In 1996, Johnson and Martineck filed a False Claims qui tam case in the U.S. District Court for the Eastern District of Texas. The two whistleblowers alleged that 18 major oil companies, including Shell, Exxon, and BP, were involved in a “nationwide conspiracy” to defraud the federal government by underpaying royalties on 27 million acres of federal and Indian land in 21 states.
A year and a half later, a non-government organization representing government whistleblowers, the Project on Government Oversight (POGO), filed a similar qui tam case. For four years prior, the organization had been investigating and reporting on royalty underpayment schemes and a lack of oversight by the Mineral Management Service, and they had identified a similar pattern of fraud.
A third case was also filed by another oil and gas industry whistleblower, Harold Wright, a private royalty owner and the former chairman of the Natural Gas Supply Association. Wright had become suspicious after overhearing an oil executive claiming royalty owners had no idea what they were receiving. After investigating the underpayment of his own private royalties, he was able to use his knowledge of the industry to uncover a series of additional underpayment schemes employed by the defendants to underpay federal royalties.
The three parties agreed to consolidate the suits into one suit and, in 1998, the Justice Department also joined the suit, which became United States of America ex. rel. Johnson v. Shell Oil Company, et al. After attempting without success to dismiss the cases, fifteen of the companies ultimately settled for nearly half a billion dollars. As whistleblowers whose original information led to a successful prosecution, Johnson and Martineck received $30 million. The Project on Government Oversight received $1.2 million from Exxon Mobil’s settlement, which was shared with two government whistleblowers. Although Wright passed away before the cases were settled, his heirs ultimately received more than $15 million from his role in the settlements.
Johnson v. Shell established the False Claims Act as a powerful method for whistleblowers to hold oil and gas companies accountable for defrauding the government. By revealing both a widespread pattern of fraud and a tool to report it, this initial case helped to set off a cascade of similar suits against companies from state government and private royalty owners. By 2002, the settlements from these suits had reached more $10 billion.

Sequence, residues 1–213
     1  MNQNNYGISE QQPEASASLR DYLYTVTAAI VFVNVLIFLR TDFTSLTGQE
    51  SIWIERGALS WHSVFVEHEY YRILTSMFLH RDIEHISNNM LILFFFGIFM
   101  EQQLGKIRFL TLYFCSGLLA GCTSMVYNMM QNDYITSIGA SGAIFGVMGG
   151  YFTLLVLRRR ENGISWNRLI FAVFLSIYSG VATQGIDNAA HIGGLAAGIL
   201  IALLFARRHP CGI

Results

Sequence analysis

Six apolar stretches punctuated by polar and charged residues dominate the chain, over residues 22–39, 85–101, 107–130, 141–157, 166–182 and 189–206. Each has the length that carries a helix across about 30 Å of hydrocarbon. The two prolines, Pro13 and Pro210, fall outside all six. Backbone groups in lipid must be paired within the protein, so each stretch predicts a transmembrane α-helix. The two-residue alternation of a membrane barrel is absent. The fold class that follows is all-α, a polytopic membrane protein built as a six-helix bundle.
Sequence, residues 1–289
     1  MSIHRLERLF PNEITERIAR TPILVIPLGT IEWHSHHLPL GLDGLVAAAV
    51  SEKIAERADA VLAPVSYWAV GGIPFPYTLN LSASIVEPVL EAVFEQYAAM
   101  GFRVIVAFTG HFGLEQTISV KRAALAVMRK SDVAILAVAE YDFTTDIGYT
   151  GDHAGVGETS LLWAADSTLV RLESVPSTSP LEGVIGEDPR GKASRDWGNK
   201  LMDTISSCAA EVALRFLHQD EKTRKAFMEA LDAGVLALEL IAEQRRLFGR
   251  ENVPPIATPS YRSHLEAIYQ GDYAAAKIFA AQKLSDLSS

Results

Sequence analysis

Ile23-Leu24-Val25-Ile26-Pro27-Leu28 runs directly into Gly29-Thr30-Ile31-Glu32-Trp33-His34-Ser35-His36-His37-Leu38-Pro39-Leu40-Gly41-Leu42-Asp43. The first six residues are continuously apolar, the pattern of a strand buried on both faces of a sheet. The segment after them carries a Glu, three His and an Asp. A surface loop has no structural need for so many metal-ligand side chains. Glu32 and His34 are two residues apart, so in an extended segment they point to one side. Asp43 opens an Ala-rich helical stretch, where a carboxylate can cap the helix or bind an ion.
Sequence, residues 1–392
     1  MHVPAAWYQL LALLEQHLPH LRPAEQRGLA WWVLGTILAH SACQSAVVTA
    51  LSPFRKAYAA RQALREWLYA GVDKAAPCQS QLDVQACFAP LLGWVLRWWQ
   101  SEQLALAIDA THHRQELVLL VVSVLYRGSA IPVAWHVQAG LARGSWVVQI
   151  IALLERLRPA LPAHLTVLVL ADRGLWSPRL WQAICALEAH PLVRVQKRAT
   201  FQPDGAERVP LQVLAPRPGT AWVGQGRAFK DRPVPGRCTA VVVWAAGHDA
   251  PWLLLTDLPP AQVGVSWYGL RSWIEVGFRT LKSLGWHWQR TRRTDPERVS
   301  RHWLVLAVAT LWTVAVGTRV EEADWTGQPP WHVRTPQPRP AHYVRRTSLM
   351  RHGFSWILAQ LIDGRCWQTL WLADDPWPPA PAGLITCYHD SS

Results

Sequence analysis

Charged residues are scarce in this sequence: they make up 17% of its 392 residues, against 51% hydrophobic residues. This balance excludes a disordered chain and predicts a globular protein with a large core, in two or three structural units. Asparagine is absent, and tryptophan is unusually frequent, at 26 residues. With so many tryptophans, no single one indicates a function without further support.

Whistleblower suits under the False Claims Act have continued to play a powerful role in identifying fraud in oil and gas royalties. For example, Kerr-McGee and its parent company, Anadarko Petroleum, paid $26 million to settle allegations that it had engaged in a similar swapping scheme to underpay royalties owed from oil lease in the Gulf of Mexico. The whistleblower, Bobby Maxwell, a former auditor in the Interior Department, was awarded $7.5 million for his role in the case.
These cases illustrate the necessity of whistleblowers and strong whistleblower reward laws in identifying widespread fraud. Through their unique knowledge of the industry, the whistleblowers in Johnson v. Shell were able to confirm long-held suspicions about royalty underpayments by providing detailed knowledge of the elaborate scheme that companies were using to defraud the government. Today, journalists and regulators continue to probe other long-time suspicions about potential fraud in the industry, asking difficult questions about how oil and gas companies estimate oil and gas reserves or disclose climate risks, but many questions remain – that perhaps only a whistleblower can answer. The impact of whistleblowers in the Johnson v. Shell suggests that, where widespread fraud is suspected but difficult to detect, industry insiders with knowledge of fraud could play a transformative role.